Hugo Boss has always looked sharp, but the fashion house has never looked sharper than it does with its new racing yacht. Dubbed the Hugo Boss—an inventive name, sure, but it’s the same name that all of the company’s yachts have had—the custom-built yacht was recently unveiled with the purpose of claiming victory in the 2020-21 Vendee Globe round-the-world race.
The project started in 2018 under the direction of world-renowned boat builder Jason Carrington. French architects VPLP and Alex Thomson Racing came up with the design for the racer. The 18.2-meter yacht took around 50,000 hours and over 100 specialist workers to build.
“This sport is no longer about qualified naval architecture and competent ocean racing,” states Stewart Hosford, CEO of Thomson Racing. “It’s a design and engineering challenge at the highest level. It’s about bringing together the best in the world in every single area, in the relentless pursuit of excellence, of perfection.”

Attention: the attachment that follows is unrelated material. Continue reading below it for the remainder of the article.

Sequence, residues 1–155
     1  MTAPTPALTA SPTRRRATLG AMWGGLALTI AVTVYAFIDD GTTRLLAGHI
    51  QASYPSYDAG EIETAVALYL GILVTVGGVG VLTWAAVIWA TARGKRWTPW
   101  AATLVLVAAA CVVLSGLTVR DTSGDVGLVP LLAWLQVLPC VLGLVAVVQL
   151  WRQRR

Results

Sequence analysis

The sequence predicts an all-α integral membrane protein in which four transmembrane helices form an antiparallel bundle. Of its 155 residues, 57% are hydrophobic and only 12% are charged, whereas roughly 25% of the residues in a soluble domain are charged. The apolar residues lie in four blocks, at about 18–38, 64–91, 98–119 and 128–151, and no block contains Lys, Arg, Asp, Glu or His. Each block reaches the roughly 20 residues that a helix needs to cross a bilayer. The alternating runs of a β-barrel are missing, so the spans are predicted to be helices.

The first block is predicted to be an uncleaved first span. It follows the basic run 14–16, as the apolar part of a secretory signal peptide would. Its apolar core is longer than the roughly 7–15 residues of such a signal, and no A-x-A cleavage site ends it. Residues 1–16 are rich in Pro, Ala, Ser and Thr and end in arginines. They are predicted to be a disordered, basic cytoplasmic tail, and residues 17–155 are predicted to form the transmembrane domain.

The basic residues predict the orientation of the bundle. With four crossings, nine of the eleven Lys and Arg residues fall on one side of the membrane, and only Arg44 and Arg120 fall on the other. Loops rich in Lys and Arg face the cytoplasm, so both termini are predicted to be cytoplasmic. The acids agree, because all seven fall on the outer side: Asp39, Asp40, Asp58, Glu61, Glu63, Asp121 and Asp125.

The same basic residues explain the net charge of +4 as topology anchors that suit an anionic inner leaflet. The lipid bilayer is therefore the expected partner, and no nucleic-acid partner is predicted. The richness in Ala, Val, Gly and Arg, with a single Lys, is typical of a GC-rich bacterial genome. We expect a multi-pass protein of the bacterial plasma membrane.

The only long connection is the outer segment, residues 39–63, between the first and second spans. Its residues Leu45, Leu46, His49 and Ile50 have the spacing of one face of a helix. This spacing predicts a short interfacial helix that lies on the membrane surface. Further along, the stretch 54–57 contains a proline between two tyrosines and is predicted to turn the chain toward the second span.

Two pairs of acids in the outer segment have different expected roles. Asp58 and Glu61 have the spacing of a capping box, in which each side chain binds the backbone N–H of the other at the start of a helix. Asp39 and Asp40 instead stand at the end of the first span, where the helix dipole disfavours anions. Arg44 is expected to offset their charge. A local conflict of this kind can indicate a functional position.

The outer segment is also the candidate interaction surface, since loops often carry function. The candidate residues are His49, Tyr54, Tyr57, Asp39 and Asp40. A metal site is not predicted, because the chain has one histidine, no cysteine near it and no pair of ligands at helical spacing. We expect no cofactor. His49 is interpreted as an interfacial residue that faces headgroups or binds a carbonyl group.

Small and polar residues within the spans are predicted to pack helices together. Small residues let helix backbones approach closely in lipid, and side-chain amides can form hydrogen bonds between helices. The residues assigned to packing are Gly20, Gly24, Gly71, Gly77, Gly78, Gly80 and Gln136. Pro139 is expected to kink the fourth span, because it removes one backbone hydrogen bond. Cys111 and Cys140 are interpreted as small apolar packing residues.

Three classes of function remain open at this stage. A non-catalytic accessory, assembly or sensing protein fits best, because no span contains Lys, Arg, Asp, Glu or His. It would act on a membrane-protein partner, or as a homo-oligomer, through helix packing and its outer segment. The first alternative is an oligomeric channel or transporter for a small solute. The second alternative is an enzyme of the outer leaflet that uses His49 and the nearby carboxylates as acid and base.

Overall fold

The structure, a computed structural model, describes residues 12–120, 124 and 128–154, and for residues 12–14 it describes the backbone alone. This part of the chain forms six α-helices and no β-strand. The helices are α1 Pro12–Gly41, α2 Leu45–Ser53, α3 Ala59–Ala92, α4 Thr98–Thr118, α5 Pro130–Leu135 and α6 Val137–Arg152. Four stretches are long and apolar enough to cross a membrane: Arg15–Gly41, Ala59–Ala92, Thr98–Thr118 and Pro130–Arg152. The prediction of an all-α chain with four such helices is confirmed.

That design challenge included innovating new additions to the Hugo Boss. For starters, the whole yacht is state-of-the-art carbon fibre, and weighs around eight tons. High tech hydrofoils are used, complementing the sleek black hull and fluorescent pink accents on the rudder, keel, and roof. Perhaps most striking is the prolific use of solar panels in the bid to sail around the globe without using fossil fuels.
“We innovate, we push boundaries, and we’re not afraid to do things differently. We accept that, in doing so, we might not always be right. But we are certainly not afraid to explore things that have never been done before,” says Alex Thomson.
After a sea trial period, the $9.7 million Hugo Boss will be officially launched and christened in September. Its first race will be the double-handed Transat Jacques Vabre race in October, which follows the coffee trading route between France and Brazil.